According to Dr. Joseph Mercola, 25% of Americans are now taking Statin Drugs to lower their cholesterol despite over 900 studies proving the adverse effects of statin drugs. Many statins such as Zocor and Lipitor cannot be taken at all with grapefruit juice – not even three days later – because the reaction, which inhibits a substance in your small intestine that helps break down medications, could cause too much of the drug’s active ingredient to enter your bloodstream with potentially lethal effects. Yet even though the drugs may be labeled with some warnings, many are not aware of the seriousness or the reason for them. In fact, a study published in the Canadian Medical Association Journal mentions that grapefruit-drug interactions have been on the increase, as many as 6 new drugs per year and over 85 total drugs may cause interactions. A study on the popular drug Avandia, prescribed for Type II diabetes, showed a 30 to 40% increased risk of heart attack. Yet the FDA allows this and other drugs with similar well documented harmful effects to be continue to be marketed while instead endeavoring to suppress knowledge of potential health benefits of natural substances such as essential oils, or foods such as walnuts or cherries with claims they are drugs.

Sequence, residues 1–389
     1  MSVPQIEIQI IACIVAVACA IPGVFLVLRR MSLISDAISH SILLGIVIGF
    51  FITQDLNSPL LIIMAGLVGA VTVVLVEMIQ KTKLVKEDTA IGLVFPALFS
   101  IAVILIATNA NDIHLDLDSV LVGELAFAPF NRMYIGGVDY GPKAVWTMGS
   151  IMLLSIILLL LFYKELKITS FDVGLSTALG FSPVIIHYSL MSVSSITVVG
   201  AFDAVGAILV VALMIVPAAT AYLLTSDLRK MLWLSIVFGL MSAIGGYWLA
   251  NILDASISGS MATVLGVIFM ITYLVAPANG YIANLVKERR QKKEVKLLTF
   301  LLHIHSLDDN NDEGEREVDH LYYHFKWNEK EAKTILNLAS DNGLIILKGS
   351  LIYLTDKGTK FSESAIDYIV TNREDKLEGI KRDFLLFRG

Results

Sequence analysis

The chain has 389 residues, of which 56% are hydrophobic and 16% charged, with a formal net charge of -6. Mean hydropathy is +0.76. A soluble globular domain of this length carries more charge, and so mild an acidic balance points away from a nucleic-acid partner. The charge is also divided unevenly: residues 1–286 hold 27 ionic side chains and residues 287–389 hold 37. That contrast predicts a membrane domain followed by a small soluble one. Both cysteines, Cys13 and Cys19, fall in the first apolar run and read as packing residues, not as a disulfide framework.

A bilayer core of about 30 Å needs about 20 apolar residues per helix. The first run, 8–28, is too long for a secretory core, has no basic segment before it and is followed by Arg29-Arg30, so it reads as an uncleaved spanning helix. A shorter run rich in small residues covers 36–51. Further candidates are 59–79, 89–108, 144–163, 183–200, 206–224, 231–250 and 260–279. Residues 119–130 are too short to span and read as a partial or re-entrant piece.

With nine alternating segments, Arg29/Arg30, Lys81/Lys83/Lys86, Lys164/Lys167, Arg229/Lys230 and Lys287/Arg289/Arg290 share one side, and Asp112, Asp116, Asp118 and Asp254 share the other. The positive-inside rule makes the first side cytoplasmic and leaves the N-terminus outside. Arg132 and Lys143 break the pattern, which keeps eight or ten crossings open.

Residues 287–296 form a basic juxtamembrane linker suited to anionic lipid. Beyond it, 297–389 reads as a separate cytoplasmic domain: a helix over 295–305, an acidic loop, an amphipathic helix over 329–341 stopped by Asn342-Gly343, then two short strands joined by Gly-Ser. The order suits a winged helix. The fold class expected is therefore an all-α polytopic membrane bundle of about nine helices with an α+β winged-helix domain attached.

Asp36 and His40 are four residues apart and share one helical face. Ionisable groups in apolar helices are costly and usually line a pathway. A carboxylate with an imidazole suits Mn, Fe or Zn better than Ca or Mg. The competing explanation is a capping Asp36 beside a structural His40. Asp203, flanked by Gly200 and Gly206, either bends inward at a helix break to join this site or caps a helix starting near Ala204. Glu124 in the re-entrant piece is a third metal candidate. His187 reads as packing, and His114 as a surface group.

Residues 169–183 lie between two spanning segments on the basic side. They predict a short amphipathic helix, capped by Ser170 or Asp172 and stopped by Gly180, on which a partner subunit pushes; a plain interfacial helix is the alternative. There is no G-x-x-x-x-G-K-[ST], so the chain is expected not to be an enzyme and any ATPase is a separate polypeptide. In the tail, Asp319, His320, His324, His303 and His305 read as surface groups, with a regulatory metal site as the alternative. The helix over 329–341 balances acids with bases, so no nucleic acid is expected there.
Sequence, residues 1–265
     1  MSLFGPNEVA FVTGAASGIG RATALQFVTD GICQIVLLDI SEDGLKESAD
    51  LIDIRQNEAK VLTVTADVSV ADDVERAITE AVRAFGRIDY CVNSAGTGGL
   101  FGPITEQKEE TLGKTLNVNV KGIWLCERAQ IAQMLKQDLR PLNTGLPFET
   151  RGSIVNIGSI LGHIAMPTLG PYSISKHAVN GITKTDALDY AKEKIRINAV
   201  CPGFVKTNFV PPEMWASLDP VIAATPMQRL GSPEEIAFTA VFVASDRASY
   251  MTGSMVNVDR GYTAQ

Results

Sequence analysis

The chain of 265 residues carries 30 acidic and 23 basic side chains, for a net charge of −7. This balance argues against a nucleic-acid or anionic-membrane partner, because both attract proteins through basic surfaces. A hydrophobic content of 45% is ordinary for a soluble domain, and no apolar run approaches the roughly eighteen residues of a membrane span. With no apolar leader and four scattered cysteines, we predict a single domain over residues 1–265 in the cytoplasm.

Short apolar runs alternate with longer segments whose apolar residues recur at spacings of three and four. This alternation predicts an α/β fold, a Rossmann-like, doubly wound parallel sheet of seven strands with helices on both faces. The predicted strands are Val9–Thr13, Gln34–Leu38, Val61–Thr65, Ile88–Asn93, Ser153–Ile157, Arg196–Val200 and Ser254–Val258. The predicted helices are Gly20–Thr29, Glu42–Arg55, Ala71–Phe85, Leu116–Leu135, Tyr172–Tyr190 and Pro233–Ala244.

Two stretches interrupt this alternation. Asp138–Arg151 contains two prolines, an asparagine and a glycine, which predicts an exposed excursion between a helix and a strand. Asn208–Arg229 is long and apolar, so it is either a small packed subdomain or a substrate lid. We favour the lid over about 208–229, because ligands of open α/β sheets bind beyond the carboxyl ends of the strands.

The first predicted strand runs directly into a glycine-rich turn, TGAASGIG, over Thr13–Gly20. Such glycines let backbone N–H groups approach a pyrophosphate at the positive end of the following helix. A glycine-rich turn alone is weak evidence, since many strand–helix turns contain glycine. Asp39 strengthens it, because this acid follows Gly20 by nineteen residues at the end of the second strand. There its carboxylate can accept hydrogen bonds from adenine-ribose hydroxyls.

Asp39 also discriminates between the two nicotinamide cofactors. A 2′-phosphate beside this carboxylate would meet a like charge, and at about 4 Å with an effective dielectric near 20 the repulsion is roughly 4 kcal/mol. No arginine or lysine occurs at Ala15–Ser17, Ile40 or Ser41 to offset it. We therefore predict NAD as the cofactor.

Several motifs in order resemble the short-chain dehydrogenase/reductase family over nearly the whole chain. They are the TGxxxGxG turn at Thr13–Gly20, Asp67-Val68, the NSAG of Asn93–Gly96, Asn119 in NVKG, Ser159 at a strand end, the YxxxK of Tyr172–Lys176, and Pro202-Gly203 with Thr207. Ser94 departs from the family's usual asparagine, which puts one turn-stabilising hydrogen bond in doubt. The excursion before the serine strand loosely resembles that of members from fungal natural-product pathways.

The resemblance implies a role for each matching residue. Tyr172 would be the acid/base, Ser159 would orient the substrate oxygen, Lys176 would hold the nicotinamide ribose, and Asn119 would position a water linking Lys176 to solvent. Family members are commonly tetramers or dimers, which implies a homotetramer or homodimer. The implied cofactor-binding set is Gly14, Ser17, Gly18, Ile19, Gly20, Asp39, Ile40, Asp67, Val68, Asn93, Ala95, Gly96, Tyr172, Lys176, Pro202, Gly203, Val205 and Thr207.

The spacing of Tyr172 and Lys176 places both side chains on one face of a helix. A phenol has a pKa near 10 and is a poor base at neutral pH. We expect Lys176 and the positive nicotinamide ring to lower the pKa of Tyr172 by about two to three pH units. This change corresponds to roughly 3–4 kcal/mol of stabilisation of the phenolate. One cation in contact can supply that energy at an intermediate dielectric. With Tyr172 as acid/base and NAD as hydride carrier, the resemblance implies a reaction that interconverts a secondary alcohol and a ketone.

Many essential oils are on the FDA Generally Recognized as Safe (GRAS) list, or as FDA approved food additives and flavoring agents. According to the FDA, this means “a substance is generally recognized, among qualified experts, as having been adequately shown to be safe under the conditions of its intended use, or unless the use of the substance is otherwise excluded from the definition of a food additive.” The Code of Federal Regulations, 21 CFR 170.30 (b) also allows a substance used in food before 1958, through experience based on common use in food to be defined as GRAS.